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Pope Says God Not 'A Magician, With A Magic Wand'

NPR News - Tue, 2014-10-28 07:18

Speaking at an assembly of the Pontifical Academy of Sciences, Francis also affirmed that evolution and the Big Bang are consistent with a creator.

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Australia Blocks New Visas From West Africa Over Ebola Outbreak

NPR News - Tue, 2014-10-28 07:09

Immigration Minister Scott Morrison says Australia's steps to keep Ebola from crossing its borders include "temporarily suspending our immigration program, including our humanitarian program."

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The 21-year-old who owns a factory in China

Marketplace - American Public Media - Tue, 2014-10-28 07:02

Alex Shlaferman was 11 years old when he made $10,000 by selling DVDs that taught viewers how to levitate. At the age of 16, he founded his company, Vante Toys. His venture has been so successful that he now owns his own manufacturing company in China.

Vante Toys is headquartered in Brooklyn, New York.

"I create products for the mass market," says Shlaferman. "My specialty is products that are under like 20 bucks, that’s what I’m good at. I don’t understand luxury goods or high-end fashion; I understand products that sell for like ten, twenty bucks."

The 21-year-old that owns a factory in China

Marketplace - American Public Media - Tue, 2014-10-28 07:02

Alex Shlaferman was 11 years old when he made $10,000 by selling DVDs that taught viewers how to levitate. At the age of 16, he founded his company, Vante Toys. His venture has been so successful that he now owns his own manufacturing company in China.

Vante Toys is headquartered in Brooklyn, New York.

"I create products for the mass market," says Shlaferman. "My specialty is products that are under like 20 bucks, that’s what I’m good at. I don’t understand luxury goods or high-end fashion; I understand products that sell for like ten, twenty bucks."

Friend Of Accused Boston Bomber Found Guilty Of Lying To Police

NPR News - Tue, 2014-10-28 06:46

Prosecutors said Robel Phillipos lied to the FBI agents investigating the April 2013 attack that killed three people and wounded more than 260 others.

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A holiday rush at ports piles up cargo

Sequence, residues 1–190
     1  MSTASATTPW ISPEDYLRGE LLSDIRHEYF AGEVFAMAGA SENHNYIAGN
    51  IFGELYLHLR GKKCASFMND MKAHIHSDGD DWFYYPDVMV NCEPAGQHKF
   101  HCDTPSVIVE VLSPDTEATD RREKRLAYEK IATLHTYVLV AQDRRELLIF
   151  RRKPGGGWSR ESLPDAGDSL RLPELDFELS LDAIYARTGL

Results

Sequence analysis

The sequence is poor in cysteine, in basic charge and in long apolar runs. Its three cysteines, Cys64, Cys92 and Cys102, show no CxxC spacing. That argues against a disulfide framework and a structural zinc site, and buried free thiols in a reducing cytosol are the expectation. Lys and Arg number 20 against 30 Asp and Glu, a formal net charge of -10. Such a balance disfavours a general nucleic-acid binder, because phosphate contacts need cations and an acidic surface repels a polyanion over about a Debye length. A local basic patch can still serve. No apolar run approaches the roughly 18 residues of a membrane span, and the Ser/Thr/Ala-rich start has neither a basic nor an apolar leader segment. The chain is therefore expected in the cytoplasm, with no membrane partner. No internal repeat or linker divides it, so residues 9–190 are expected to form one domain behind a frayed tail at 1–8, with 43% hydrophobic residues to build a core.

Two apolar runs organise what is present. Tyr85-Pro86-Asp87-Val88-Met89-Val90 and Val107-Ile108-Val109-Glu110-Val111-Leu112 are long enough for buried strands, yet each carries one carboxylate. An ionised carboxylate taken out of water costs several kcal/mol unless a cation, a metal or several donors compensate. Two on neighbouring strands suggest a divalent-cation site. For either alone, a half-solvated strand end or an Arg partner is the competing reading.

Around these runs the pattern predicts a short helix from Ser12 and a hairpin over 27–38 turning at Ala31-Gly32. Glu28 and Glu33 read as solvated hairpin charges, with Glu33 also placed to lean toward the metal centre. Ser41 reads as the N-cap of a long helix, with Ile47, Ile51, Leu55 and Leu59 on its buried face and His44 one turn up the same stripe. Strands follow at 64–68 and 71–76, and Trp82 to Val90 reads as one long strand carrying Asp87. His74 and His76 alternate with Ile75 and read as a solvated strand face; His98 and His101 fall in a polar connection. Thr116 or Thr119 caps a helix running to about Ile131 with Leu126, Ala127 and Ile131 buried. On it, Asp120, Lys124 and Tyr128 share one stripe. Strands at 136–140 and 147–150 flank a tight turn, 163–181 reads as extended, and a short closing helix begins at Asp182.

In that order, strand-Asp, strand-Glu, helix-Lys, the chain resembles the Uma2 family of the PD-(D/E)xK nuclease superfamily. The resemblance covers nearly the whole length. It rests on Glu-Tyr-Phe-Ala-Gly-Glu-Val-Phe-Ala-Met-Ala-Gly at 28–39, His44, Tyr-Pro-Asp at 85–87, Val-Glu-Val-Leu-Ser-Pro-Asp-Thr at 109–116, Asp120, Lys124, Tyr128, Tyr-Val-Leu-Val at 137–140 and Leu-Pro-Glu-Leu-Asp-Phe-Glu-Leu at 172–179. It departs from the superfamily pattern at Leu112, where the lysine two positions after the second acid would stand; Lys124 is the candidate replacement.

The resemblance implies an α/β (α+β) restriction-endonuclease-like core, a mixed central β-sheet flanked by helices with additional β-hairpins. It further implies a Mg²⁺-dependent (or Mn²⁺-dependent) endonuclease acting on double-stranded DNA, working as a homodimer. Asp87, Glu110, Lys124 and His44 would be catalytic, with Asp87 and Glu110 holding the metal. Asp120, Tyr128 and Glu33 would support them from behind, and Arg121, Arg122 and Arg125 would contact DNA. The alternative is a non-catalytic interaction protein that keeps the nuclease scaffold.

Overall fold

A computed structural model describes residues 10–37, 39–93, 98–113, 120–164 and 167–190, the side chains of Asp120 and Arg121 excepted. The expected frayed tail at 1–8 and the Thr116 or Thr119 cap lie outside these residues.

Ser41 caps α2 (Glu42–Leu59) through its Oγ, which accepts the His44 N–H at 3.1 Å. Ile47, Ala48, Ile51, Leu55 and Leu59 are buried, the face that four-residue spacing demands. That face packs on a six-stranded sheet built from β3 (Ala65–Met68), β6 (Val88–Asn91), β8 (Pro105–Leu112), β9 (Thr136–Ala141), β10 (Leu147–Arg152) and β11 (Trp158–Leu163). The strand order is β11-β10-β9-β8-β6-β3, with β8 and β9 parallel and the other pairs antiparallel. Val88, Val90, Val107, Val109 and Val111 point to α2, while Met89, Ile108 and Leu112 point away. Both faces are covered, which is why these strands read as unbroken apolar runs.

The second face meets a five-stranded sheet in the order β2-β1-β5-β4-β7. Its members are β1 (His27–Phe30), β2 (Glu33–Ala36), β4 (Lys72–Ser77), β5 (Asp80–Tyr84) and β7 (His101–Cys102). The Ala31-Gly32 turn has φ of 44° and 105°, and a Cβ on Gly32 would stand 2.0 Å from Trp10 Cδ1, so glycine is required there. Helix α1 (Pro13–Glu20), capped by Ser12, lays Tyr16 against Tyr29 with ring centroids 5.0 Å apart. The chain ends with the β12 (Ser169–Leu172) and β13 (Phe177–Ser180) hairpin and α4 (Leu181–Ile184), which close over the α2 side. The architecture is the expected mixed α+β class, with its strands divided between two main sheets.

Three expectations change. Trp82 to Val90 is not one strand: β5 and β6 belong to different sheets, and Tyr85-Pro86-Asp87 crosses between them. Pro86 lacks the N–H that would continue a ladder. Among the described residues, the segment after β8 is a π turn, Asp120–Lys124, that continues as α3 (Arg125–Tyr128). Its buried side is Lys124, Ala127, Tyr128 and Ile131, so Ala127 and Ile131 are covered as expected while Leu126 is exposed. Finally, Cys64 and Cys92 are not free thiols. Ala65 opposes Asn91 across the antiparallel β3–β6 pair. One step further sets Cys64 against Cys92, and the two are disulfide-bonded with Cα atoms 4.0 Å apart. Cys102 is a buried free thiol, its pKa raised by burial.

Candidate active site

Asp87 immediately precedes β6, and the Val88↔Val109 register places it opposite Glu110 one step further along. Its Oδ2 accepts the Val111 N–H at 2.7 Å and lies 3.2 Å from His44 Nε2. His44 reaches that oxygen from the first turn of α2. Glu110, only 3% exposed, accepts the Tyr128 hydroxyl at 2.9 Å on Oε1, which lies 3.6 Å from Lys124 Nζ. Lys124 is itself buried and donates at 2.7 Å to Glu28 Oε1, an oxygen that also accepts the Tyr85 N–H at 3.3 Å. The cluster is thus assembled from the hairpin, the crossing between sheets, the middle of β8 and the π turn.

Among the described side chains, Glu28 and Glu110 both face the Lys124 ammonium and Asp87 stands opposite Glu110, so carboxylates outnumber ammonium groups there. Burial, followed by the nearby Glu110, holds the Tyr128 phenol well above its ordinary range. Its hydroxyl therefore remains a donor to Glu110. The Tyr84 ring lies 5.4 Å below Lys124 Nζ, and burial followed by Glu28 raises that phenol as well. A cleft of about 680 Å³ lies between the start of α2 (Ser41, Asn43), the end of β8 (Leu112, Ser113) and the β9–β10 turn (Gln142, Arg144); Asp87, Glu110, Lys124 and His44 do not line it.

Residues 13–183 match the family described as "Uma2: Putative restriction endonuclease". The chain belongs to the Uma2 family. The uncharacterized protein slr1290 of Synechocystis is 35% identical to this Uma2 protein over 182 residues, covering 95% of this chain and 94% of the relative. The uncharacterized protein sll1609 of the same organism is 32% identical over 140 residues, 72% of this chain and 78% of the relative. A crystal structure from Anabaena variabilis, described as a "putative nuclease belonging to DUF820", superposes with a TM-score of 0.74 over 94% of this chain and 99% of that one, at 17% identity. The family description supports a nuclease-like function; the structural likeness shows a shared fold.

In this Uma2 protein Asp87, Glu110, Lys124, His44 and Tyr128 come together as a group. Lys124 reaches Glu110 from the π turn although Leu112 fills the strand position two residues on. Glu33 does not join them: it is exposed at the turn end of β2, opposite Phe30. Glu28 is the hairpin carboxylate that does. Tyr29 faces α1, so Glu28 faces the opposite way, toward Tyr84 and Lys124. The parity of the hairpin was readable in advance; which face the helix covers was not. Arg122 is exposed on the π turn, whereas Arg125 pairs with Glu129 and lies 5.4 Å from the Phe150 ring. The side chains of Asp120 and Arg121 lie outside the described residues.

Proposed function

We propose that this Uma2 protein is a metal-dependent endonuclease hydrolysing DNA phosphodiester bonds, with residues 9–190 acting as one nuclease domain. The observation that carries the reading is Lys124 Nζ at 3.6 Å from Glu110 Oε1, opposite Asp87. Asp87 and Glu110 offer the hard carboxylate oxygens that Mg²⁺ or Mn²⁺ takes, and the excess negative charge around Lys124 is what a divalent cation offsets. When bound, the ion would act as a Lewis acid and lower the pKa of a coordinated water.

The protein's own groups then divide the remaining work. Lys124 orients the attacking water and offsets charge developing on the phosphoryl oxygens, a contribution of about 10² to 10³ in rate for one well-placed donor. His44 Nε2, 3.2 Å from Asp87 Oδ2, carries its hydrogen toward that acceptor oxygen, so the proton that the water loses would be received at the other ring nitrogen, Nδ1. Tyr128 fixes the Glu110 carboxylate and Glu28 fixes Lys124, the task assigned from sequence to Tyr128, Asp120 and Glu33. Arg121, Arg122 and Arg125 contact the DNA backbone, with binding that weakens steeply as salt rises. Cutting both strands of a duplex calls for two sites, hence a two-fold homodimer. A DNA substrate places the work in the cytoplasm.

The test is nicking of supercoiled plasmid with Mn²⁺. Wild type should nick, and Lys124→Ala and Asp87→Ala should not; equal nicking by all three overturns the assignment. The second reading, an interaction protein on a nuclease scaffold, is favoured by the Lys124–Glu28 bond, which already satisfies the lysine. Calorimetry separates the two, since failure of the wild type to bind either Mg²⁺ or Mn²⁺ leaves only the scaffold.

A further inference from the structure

Marketplace - American Public Media - Tue, 2014-10-28 06:18

There’s a traffic jam in Los Angeles, but this one’s not on the freeways. The port complex  of Los Angeles and Long Beach, the nation’s busiest, is so backed up right now that some importers are avoiding the port altogether. Problems there are delaying some shipments for two weeks or more. The bottleneck is giving southern California’s ports “a black eye,” says Jock O’Connell, international trade adviser at Beacon Economics.

There’s congestion at many ports right now, but the Los Angeles-Long Beach complex handles 40 percent of U.S. imports, so the ripple effects are long and wide.  If retailers are "planning on having it stocked for the Christmas holiday, it needs to be in the port now, it needs to be moving through,” says Frank Layo, a partner with Kurt Salmon Associates. “So any delays now are kind of critical. We’re running out of runway.”

Port officials say the delays at the Los Angeles and Long Beach ports are rooted in a shortage of trailer chassis, to load the containers onto. But that problem has been exacerbated by an unexpected surge in imports this year, along with the sudden rise of “mega-ships.” They can carry three times as many containers as older ships and they’re straining port capacity. Others say unresolved labor negotiations at the port are crimping efforts to ease the port’s traffic jam as well.

Some retailers are diverting shipments to other ports and a few are even flying merchandise into the U.S.  But Noel Hacegaba, chief commercial officer at the Port of Long Beach, says they’re working hard to ease congestion. “At the end of the day our reputation is at stake,” says Hacegaba. “Beneficial cargo owners have choices. And we are doing everything that we can to make sure that we continue to be the gateway of choice.”

China May Drop 9 Crimes From List Of Death Penalty Offenses

NPR News - Tue, 2014-10-28 06:01

The move appears to be part of a trend to reduce the use of the death penalty in a country that still executes more people than any other.

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With Obamacare, More Millennials Are Going To The Doctor, Sort Of

NPR News - Tue, 2014-10-28 05:55

Once young adults started getting coverage through their parents, they started getting checkups more often, a study finds. But they still may need help filling a prescription.